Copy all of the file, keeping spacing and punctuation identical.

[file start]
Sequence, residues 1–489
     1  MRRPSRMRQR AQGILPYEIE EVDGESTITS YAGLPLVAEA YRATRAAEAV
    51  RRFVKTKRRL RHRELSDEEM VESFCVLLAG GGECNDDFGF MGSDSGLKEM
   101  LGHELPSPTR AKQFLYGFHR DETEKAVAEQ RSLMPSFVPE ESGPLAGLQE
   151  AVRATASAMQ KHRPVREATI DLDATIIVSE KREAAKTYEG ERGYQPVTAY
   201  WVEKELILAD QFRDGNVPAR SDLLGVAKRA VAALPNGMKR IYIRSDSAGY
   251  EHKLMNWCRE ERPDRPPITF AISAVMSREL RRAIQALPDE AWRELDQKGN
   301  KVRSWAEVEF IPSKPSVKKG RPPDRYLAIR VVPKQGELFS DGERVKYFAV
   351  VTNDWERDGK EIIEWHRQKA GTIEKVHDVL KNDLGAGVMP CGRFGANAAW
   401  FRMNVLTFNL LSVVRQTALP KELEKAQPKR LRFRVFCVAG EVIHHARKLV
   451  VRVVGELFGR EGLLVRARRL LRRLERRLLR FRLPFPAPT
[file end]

Sequence, residues 1–489
     1  MRRPSRMRQR AQGILPYEIE EVDGESTITS YAGLPLVAEA YRATRAAEAV
    51  RRFVKTKRRL RHRELSDEEM VESFCVLLAG GGECNDDFGF MGSDSGLKEM
   101  LGHELPSPTR AKQFLYGFHR DETEKAVAEQ RSLMPSFVPE ESGPLAGLQE
   151  AVRATASAMQ KHRPVREATI DLDATIIVSE KREAAKTYEG ERGYQPVTAY
   201  WVEKELILAD QFRDGNVPAR SDLLGVAKRA VAALPNGMKR IYIRSDSAGY
   251  EHKLMNWCRE ERPDRPPITF AISAVMSREL RRAIQALPDE AWRELDQKGN
   301  KVRSWAEVEF IPSKPSVKKG RPPDRYLAIR VVPKQGELFS DGERVKYFAV
   351  VTNDWERDGK EIIEWHRQKA GTIEKVHDVL KNDLGAGVMP CGRFGANAAW
   401  FRMNVLTFNL LSVVRQTALP KELEKAQPKR LRFRVFCVAG EVIHHARKLV
   451  VRVVGELFGR EGLLVRARRL LRRLERRLLR FRLPFPAPT